When people step inside one of the plain, fifteen-square-foot boxes at the Yayoi Kusama: Infinity Mirrors exhibit at the Hirshhorn Museum, they discover an endless world of lights, colors, and patterns.
Born in Matsumoto, Japan in 1929, Kusama moved to New York in the late ‘50s, where her popular abstract and experimental style brought her into contact with other artists such as Andy Warhol and Allan Kaprow. After years of creating avant-garde sculptures, painting polka dots on naked bodies, and some financial troubles, Kusama returned to Japan in the ‘70s, spending some time at a mental institution. Since leaving the institution, Kusama has further developed her artistic style. She uses art as both a therapeutic and expressive medium, and has recently created several more pieces, adding most notably to her collection of infinity rooms. Last year, Kusama was named one of Time Magazine’s Most Influential People. Her art gives the viewer insights into the artist’s own exciting and tumultuous history while providing an immersive medium for personal reflection.
For Kusama, art is a way of recording or deciphering the events of her life, dealing with her anxieties, and healing. For instance, “All the Eternal Love I Have for Pumpkins” provides an innocent, ethereal account of her childhood and the first time she saw a pumpkin at a farm with her grandfather. The piece pairs a childhood memory with Kusama’s polka-dot motif, creating a storybook sensation while endlessness of the mirrors evokes a sense of freedom. On the other hand, “Phalli’s Field”, Kusama’s first Infinity Mirror room, features several soft, white phallic sculptures. The mirrors give create an endlessness to the piece, which is a new evolution after several years of sculptures with a phallic theme intended to help her confront her fear of sex and phalluses.
The exhibit is laid out chronologically, beginning with the earlier works and depicting the evolution of certain themes such as polka-dots and phallic shapes. Her earlier phallus-inspired sculptures from the ‘60s, belonging to the “Accumulations” series, are made out of soft, white cloth material. When Kusama revisited the theme in the ‘70s, she began to paint the sculptures silver, as can be seen in “Snake.” The reflective nature of the silver paint helped contribute towards the idea of the Infinity Mirror Rooms.
Kusama’s most beloved theme is polka-dots—the Hirshhorn has even decorated its windows with red polka-dots in her honor. Several of her sculptures, paintings, and infinity rooms include the motif, such as “All the Eternal Love I Have for Pumpkins”, “Phalli’s Field”, and of course, “Love Transformed into Dots.” This piece includes several inflated three-dimensional pink polka dots covered in two-dimensional black polka dots. Kusama plays with the size of the polka dots to create an interesting visual effect of layers of polka dots within polka dots. The infinity room in this piece is one of the pink spheres that is a part of the largest outer layer of polka dot spheres and contains another layer of smaller polka dot spheres. After the infinity room, viewers can continue searching through the layers of polka dots and look through a peephole containing tiny, neon-lit pink polka dots. A recording of Kusama singing one of her poems plays in the background, adding a calming and personal touch.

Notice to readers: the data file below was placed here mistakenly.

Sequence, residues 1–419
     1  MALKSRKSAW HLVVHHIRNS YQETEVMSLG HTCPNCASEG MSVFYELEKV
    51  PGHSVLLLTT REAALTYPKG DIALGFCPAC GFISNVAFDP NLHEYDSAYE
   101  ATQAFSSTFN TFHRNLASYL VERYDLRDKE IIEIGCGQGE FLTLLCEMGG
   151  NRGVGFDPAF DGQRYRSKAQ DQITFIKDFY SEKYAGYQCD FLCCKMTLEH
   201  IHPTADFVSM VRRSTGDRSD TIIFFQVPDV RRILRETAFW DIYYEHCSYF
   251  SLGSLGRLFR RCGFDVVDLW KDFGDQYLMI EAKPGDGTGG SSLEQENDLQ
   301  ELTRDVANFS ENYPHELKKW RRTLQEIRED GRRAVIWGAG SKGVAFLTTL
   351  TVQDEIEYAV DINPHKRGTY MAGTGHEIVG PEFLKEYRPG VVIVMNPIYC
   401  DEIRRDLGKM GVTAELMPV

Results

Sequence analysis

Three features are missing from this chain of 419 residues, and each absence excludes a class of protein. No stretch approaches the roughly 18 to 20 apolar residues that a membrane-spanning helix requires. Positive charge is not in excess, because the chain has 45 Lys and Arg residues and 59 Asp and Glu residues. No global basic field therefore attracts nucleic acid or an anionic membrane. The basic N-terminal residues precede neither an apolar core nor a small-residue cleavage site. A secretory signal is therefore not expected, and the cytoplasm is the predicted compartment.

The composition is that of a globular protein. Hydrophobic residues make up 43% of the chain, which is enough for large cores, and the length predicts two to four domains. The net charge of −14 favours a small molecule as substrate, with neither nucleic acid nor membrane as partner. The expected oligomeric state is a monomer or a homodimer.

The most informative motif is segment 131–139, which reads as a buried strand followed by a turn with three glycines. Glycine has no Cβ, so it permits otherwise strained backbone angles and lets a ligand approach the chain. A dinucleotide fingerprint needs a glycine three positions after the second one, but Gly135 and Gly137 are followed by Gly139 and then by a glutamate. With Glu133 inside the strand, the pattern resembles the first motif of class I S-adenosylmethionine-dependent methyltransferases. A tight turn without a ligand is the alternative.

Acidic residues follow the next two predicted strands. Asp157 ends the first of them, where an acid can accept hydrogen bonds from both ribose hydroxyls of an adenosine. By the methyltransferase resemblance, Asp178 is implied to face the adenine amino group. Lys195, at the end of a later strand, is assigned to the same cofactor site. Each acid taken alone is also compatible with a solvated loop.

In the infinity room “Love Forever”, created in 1966, Kusama makes a political statement. The message “Love Forever” demonstrates solidarity with civil rights and sexual liberation movements as well as opposition to the Vietnam War. Two people can look into this infinity room at once and see each other reflected endlessly. The infinite projection of the image of another individual as well as the colorful neon lights, which make the room physically warm, create a focus on the other person that elicits empathy and respect for that individual.
Showing a more introspective side of Kusama, the Infinity Mirror room “The Souls of Millions of Light Years Away” creates the illusion of floating in a peaceful and beautiful galaxy in outer space. Kusama developed it in an effort to further explore the finite nature of life and the certainty of death. The immersive dimension of the infinity rooms effectively shares her stories, interests, and curiosities with viewers and invites them to question their own narratives and thoughts on these universal questions.
Similarly, “Aftermath of Obliteration of Eternity” alludes to a Japanese tradition in which paper lanterns are sent along a river to float to the spirits of deceased ancestors. This is arguably Kusama’s most beautiful piece. With only white lights inside paper lanterns hung at different heights, this infinity room is simpler than some of the other more colorful or playful rooms, because besides the lanterns, the rest of the space is completely dark. It is the one that elicits the most calm and the most introspection and, like “The Souls of Millions of Light Years Away,” presents Kusama’s fascination with questions of death and afterlife.
Kusama’s immersive pieces are engaging and fascinating. They allow for a heightened level of connection with the artist and personal reflection. This is art that is accessible, beautiful, and thought-provoking. So far, the exhibit has been incredibly popular in D.C., so much so that the time in the infinity rooms has been limited to thirty seconds to keep lines moving. The short viewing periods leave viewers wanting more. Nonetheless, for those thirty seconds, they’re transported to another world, suspended in Kusama’s beautiful, endless environments that provoke internal reflection.